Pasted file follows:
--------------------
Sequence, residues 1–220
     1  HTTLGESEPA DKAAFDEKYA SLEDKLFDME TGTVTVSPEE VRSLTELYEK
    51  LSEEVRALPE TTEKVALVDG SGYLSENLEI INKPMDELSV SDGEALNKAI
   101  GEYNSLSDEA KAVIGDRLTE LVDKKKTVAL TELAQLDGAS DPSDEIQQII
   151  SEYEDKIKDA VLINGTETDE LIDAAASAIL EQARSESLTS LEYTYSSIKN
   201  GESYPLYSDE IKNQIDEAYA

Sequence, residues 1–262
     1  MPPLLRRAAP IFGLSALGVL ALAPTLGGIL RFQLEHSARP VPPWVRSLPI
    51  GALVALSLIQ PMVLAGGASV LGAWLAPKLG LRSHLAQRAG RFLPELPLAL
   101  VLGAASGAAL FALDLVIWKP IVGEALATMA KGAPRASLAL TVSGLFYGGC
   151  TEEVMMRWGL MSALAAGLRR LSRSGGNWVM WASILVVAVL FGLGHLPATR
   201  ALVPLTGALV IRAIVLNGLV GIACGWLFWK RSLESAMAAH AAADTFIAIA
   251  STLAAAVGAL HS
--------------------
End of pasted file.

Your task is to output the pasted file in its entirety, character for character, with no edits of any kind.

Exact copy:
Sequence, residues 1–220
     1  HTTLGESEPA DKAAFDEKYA SLEDKLFDME TGTVTVSPEE VRSLTELYEK
    51  LSEEVRALPE TTEKVALVDG SGYLSENLEI INKPMDELSV SDGEALNKAI
   101  GEYNSLSDEA KAVIGDRLTE LVDKKKTVAL TELAQLDGAS DPSDEIQQII
   151  SEYEDKIKDA VLINGTETDE LIDAAASAIL EQARSESLTS LEYTYSSIKN
   201  GESYPLYSDE IKNQIDEAYA

Sequence, residues 1–262
     1  MPPLLRRAAP IFGLSALGVL ALAPTLGGIL RFQLEHSARP VPPWVRSLPI
    51  GALVALSLIQ PMVLAGGASV LGAWLAPKLG LRSHLAQRAG RFLPELPLAL
   101  VLGAASGAAL FALDLVIWKP IVGEALATMA KGAPRASLAL TVSGLFYGGC
   151  TEEVMMRWGL MSALAAGLRR LSRSGGNWVM WASILVVAVL FGLGHLPATR
   201  ALVPLTGALV IRAIVLNGLV GIACGWLFWK RSLESAMAAH AAADTFIAIA
   251  STLAAAVGAL HS